Global public cloud market expected to hit $204B in 2016

The worldwide market for public cloud systems is projected to hit $204 billion this year, a 16.5% increase over the $175 billion market in 2015, according to analyst firm Gartner.

"The market for public cloud services is continuing to demonstrate high rates of growth across all markets and Gartner expects this to continue through 2017," said Sid Nag, research director at Gartner, in a statement. "This strong growth continues to reflect a shift away from legacy IT services to cloud-based services, due to increased trend of organizations pursuing a digital business strategy."

Given that IT budgets are growing at a rated of 1% to 3%, cloud services is one of the fastest growing segments of IT,” said Zeus Kerravala, an analyst with ZK Research. “Traditional packaged software is having about 3% growth, so cloud is five times that. The cloud just greatly simplifies IT but also enables businesses to move faster.”

While there’s solid growth showing across public cloud services, Gartner noted that the highest growth this year is coming from infrastructure as a service, or IaaS, which is expected to have 38.4% growth in 2016. The analyst firm forecasts that the IaaS market segment should reach $22.4 billion by the end of the year.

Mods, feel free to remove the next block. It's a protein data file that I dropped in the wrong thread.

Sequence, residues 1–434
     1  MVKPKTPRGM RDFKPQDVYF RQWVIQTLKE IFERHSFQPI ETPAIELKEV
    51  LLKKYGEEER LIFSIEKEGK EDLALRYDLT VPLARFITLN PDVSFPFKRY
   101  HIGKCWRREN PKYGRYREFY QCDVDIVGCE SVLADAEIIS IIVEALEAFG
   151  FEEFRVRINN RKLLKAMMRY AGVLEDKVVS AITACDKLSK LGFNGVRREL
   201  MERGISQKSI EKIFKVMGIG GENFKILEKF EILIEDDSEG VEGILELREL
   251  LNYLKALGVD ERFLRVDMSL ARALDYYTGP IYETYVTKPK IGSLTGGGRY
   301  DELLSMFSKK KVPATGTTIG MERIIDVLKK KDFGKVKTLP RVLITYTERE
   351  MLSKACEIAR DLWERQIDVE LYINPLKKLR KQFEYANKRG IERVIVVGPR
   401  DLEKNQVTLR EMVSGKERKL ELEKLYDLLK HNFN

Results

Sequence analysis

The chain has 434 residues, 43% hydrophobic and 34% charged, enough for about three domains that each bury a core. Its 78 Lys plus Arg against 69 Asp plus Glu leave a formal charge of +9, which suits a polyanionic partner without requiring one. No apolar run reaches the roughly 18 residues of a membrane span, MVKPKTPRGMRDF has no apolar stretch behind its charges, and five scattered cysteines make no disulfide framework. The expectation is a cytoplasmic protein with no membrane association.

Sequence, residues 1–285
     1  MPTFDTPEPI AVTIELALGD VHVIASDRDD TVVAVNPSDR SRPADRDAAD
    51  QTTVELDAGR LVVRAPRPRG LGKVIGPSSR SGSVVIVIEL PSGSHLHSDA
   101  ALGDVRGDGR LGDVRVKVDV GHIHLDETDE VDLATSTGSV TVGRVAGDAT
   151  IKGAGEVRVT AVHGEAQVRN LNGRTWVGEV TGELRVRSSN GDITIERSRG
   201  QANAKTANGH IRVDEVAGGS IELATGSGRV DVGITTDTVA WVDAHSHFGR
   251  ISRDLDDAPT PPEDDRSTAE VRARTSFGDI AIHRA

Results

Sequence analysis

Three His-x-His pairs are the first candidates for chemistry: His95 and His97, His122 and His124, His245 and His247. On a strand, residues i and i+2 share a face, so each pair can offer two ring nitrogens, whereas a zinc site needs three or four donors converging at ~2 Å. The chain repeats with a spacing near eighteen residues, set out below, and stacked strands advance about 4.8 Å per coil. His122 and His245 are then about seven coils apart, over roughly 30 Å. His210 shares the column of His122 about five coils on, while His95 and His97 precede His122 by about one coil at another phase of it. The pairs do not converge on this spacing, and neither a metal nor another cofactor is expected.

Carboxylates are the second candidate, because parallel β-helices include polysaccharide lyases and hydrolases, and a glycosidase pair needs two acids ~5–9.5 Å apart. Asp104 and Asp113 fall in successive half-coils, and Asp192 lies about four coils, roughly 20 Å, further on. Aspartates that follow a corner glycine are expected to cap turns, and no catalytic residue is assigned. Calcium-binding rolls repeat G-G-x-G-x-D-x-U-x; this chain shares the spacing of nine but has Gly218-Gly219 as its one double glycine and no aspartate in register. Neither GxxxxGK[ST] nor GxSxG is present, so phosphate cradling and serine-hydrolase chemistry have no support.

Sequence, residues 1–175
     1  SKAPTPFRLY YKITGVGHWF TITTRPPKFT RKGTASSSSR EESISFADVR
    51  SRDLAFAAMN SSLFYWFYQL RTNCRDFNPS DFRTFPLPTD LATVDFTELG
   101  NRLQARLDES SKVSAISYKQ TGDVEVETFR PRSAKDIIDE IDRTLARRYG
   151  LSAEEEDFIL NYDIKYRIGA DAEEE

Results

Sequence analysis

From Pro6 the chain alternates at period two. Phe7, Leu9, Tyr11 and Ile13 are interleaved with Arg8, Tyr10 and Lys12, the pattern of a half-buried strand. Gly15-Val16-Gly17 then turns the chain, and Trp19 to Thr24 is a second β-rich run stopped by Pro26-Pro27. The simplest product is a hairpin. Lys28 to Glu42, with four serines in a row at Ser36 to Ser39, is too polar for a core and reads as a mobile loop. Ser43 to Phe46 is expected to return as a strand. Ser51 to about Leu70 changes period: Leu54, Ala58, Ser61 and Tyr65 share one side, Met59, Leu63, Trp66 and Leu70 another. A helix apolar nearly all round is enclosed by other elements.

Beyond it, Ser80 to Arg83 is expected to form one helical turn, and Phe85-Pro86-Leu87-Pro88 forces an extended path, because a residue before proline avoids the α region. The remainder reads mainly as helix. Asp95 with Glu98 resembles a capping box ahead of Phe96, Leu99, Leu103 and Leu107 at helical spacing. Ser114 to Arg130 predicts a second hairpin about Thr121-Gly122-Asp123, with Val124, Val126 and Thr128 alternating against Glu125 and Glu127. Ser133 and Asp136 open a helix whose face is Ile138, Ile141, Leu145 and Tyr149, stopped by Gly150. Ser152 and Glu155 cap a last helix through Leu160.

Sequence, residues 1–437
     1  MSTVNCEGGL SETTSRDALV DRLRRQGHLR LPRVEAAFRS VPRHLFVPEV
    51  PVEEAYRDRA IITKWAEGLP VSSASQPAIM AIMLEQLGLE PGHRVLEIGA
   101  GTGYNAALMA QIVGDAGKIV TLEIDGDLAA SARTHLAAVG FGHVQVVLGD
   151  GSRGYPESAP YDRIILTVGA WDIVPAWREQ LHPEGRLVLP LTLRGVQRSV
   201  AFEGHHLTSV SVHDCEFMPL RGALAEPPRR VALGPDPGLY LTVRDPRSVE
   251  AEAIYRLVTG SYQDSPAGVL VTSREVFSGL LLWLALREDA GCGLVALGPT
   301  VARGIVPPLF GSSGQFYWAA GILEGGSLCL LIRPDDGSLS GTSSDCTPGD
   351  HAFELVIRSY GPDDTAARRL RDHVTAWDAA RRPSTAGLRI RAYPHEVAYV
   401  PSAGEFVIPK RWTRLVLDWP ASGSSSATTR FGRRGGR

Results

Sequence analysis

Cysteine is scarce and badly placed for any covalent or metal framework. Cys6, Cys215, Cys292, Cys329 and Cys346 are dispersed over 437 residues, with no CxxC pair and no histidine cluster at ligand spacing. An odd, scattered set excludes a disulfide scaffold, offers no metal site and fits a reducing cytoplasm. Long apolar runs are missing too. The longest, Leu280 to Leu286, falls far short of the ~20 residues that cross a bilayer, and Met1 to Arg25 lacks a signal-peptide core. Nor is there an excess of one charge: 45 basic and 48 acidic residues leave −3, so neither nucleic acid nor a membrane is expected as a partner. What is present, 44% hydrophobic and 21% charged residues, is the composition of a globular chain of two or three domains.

"IaaS continues to be the strongest-growing segment as enterprises move away from data center build-outs and move their infrastructure needs to the public cloud," Nag said. "Certain market leaders have built a significant lead in this segment, so providers should focus on creating differentiation for success."

Cloud application services, or SaaS, are also expected to show an upswing with 20.3% year-over-year growth, reaching $37.7 billion. Cloud management and security services, with 24.7% growth, and cloud application infrastructure services, known as PaaS, also is strong this year with an expected 21.1% growth.

According to Kerravala, this kind of public cloud growth should continue over the next five to seven years.

“I think we're still in the beginning of the cloud era,” he said. “I think we're likely to continue to see companies shift their strategies away from on-premise to the cloud. Lots of companies fear the cloud because of security issues, but I think those fears dissipate and as more companies grow confidence, that will continue to fuel the cloud market.”

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